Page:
This evening we read “Escape from Pompeii” by Christina Balit, which tells the story of two young Pompeii-ans, Tranio and his friend Livia, who flee the doomed city when Vesuvius begins her legendary eruption that destroyed Pompeii and Herculaneum in 79 AD (or CE…whatever your preference). Balit introduces us to these two youngsters for long enough to give us a window into their daily life, before sending them running to the harbor to watch their hometown consumed by ash from the deck of a Greek ship. The illustrations are intricate and colorful, and reminiscent of ancient Greek or Roman art. Despite the fact that our main characters escape, and the fact that they are raised by the kind Greek captain on whose boat they stow away, the mood on the final page of the story is sorrowful…as Tranio and Livia visit the site where Pompeii used to stand and wonder if its story will ever be told. For a more hopeful ending, I recommend that you go on and read the Epilogue together to find out how Pompeii was later discovered by archaeologists, and how much we have learned from the people and things that were so uniquely preserved in Vesuvius’ ash.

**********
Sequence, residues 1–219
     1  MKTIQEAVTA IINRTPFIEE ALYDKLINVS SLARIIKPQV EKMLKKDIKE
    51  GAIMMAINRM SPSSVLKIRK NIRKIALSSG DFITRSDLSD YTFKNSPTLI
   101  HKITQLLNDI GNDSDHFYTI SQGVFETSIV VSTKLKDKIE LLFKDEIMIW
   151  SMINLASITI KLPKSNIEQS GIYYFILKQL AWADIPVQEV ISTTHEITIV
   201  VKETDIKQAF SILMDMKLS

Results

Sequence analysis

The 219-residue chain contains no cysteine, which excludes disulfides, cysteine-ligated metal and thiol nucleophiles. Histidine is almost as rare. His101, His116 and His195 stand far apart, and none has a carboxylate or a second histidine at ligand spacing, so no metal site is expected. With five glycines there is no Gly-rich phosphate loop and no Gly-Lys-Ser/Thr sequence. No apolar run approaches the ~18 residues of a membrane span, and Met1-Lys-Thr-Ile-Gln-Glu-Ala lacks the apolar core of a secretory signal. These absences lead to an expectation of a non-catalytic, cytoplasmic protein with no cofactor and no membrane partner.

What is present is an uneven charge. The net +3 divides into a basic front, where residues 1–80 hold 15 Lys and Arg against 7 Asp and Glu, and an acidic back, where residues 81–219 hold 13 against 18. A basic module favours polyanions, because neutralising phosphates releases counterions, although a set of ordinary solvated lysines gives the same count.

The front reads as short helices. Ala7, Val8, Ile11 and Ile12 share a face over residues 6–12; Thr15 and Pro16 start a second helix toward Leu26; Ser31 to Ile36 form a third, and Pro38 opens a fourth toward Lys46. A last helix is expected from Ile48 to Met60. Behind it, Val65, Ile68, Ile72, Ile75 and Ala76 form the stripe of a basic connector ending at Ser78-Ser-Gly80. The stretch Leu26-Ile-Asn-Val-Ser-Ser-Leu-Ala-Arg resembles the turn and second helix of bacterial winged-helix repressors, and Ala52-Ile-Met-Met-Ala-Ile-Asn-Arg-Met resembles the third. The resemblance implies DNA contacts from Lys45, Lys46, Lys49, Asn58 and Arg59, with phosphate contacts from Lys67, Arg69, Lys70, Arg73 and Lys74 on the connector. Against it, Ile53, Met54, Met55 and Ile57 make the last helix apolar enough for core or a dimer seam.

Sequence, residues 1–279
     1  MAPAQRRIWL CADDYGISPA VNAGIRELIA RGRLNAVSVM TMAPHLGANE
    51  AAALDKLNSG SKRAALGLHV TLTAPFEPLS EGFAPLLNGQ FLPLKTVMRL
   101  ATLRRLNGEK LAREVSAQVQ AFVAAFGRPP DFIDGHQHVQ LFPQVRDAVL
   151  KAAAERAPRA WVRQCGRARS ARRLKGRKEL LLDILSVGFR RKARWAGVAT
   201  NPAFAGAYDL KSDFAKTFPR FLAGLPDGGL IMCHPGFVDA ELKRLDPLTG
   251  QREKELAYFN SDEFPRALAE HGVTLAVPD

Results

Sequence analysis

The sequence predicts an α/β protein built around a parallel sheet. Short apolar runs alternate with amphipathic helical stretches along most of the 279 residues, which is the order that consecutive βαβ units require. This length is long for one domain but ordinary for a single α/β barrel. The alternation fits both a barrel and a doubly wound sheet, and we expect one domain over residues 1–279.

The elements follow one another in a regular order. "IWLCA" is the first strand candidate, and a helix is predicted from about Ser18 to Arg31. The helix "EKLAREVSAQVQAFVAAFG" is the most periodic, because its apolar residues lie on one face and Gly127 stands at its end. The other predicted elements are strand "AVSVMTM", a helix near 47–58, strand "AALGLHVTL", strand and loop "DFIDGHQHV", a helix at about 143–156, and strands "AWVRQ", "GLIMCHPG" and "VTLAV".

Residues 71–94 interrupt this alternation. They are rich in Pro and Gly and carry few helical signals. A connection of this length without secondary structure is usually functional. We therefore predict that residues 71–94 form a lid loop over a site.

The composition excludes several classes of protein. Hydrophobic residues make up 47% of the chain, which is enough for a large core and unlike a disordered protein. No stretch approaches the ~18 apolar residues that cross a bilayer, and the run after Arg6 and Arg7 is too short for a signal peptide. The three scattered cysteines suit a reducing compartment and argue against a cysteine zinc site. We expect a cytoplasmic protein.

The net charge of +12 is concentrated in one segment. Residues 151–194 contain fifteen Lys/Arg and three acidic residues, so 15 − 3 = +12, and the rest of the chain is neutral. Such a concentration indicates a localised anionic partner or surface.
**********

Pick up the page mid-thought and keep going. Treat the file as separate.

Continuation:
In Huck Finn this evening, the Duke and King finally got around to doing what we had been afraid they would ever since arriving on the raft: they sold out Jim as a runaway slave in order to collect a reward that they themselves had manufactured out of thin air with a counterfeit “wanted” poster. The Duke and King use some misdirection to outmaneuver Huck – who must now figure out how to free Jim from Silas Phelps, the farmer who “bought” Jim off of the King for $40. When we finished reading, Huck was on his way to the Phelps farm trusting in “Providence” to give him the words he needs when the time comes. Meanwhile the Duke and King are preparing to reprise one of their favorite scams (the “Royal Nonesuch”) because the King has already spent his ill-gotten gains on alcohol and is now broke again.